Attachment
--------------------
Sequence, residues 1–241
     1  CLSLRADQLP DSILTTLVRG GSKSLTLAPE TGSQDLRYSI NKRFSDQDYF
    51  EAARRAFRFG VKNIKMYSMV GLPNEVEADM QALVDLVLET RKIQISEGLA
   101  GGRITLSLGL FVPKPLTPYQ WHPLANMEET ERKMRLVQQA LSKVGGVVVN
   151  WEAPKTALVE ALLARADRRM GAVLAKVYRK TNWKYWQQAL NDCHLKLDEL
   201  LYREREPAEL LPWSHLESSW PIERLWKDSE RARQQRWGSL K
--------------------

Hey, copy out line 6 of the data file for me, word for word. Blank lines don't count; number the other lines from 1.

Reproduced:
   201  LYREREPAEL LPWSHLESSW PIERLWKDSE RARQQRWGSL K